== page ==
Reviewed by Renée Bosman, Government Information Librarian
Possession begins when Roland, a scholar of the fictitious Victorian poet Randolph Henry Ash, discovers a letter Ash wrote to Christabel LaMotte, one of the era's first feminist writers. Roland's sleuthing for more information regarding a possible link between the two poets leads him to Maud Bailey, a somewhat haughty and distanced LaMotte scholar. The two embark on a quest together, determined to uncover the truth and find out the extent of the Ash-LaMotte relationship, which could radically alter their lives' work and scholarship. Their journey takes them to the English countryside and France as they unearth old letters and journals that weave the story of this previously unknown romance.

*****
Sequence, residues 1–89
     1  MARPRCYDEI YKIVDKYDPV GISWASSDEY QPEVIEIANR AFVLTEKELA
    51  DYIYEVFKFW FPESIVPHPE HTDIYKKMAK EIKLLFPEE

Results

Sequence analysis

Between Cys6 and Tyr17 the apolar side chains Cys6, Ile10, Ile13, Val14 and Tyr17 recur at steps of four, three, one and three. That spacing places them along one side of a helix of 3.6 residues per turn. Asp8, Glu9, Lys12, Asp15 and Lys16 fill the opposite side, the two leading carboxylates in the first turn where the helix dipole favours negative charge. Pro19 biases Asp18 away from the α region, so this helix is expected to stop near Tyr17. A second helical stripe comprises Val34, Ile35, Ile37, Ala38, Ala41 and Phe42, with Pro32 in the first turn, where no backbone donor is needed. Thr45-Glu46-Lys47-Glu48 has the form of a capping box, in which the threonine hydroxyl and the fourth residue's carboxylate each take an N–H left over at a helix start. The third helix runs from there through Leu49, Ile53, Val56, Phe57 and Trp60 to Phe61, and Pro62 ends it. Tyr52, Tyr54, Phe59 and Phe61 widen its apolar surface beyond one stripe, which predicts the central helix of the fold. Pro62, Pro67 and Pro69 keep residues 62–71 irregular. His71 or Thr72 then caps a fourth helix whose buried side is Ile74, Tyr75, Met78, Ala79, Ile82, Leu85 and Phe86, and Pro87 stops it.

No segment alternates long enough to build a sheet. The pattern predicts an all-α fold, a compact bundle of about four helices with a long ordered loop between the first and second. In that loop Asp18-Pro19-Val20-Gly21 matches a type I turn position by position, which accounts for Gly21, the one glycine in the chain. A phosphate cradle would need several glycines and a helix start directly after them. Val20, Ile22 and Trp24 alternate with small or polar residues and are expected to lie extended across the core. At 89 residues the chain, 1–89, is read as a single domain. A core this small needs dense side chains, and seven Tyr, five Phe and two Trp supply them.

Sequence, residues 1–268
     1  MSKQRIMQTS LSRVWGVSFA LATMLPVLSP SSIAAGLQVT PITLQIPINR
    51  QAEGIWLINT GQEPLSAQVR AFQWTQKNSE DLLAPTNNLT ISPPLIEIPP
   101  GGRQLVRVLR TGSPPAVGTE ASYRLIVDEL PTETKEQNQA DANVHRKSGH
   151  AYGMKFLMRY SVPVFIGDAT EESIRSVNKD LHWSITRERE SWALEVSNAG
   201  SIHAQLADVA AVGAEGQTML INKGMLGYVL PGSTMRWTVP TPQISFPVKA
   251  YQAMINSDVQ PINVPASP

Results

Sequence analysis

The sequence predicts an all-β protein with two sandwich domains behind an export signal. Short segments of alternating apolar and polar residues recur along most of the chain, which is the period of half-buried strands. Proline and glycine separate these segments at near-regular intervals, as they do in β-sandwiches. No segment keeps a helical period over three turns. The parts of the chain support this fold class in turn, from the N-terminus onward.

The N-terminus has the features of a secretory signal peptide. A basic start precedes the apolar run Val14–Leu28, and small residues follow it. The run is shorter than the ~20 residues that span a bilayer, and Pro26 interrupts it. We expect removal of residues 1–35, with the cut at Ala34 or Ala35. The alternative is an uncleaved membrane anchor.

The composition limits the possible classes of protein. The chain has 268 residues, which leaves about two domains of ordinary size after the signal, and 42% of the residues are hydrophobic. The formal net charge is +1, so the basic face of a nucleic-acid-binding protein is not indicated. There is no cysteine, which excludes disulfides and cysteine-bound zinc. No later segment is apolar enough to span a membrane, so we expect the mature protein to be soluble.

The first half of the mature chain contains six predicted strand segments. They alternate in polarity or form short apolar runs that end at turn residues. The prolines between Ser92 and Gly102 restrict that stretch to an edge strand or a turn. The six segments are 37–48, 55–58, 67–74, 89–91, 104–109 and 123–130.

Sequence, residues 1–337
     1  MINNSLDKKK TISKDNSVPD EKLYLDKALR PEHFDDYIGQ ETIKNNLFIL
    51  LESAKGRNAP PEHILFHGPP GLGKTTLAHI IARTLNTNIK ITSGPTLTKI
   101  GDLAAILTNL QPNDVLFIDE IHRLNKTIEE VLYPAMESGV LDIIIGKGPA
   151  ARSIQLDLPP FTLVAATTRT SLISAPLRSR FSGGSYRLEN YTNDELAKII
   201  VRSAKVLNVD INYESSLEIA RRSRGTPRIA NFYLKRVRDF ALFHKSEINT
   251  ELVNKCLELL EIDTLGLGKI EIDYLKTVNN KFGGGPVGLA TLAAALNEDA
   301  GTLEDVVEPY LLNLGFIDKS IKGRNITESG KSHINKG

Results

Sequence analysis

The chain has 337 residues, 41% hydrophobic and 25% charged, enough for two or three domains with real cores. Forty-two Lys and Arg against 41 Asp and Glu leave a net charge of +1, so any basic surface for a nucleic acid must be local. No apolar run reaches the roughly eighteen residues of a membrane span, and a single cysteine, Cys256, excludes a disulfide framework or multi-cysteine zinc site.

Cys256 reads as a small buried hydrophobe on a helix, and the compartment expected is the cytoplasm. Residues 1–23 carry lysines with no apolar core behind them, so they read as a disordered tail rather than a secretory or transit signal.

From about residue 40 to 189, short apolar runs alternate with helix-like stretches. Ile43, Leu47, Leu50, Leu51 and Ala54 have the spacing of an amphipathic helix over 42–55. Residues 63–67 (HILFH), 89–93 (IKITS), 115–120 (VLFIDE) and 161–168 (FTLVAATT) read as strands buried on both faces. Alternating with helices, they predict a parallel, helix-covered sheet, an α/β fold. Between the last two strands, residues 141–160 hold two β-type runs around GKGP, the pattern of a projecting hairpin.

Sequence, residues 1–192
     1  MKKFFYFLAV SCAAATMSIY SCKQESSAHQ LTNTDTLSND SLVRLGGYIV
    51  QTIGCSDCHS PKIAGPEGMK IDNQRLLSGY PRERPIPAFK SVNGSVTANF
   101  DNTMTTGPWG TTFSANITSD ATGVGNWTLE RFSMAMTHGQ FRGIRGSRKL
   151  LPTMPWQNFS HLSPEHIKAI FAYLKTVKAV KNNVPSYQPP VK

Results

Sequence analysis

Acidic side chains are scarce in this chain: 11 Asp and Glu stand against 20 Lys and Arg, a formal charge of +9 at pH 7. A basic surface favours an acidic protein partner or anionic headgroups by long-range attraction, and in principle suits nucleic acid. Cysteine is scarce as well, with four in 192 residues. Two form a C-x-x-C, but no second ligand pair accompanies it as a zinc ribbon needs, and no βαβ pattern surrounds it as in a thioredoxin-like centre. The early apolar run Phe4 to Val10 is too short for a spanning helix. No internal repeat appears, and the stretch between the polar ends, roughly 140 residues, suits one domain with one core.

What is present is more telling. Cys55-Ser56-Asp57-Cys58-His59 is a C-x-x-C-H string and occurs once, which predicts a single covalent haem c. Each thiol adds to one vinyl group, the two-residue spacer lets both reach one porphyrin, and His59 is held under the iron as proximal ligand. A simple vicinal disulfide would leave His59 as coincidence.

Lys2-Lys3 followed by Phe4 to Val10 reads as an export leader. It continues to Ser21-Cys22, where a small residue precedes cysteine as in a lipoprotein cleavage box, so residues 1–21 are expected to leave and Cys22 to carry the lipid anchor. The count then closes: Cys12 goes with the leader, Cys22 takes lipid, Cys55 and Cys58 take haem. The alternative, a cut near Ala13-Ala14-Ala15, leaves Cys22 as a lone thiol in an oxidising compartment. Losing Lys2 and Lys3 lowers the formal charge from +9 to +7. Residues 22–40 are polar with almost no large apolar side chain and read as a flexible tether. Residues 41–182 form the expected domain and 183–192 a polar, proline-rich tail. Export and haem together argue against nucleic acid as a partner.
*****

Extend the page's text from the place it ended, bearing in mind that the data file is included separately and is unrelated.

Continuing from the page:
A simple plot summary does not even begin to do justice to this multi-layered novel. Byatt's narrator presents the parallel stories of the present-day scholars and their Victorian subjects through a variety of literary forms, including poetry, letters, diary entries and fairy tales. This postmodern romance also tackles some interesting themes, such as the nature of literary biography and scholarship in light of our incomplete access to the full truth about the stories of authors' lives. Yet for all its intellectualism and wealth of literary allusions, the narrative of Possession seldom lags, and you will soon find yourself wrapped up in the mystery surrounding Ash and LaMotte, which increasingly consumes Maud and Roland. Possession won the 1990 Booker Prize.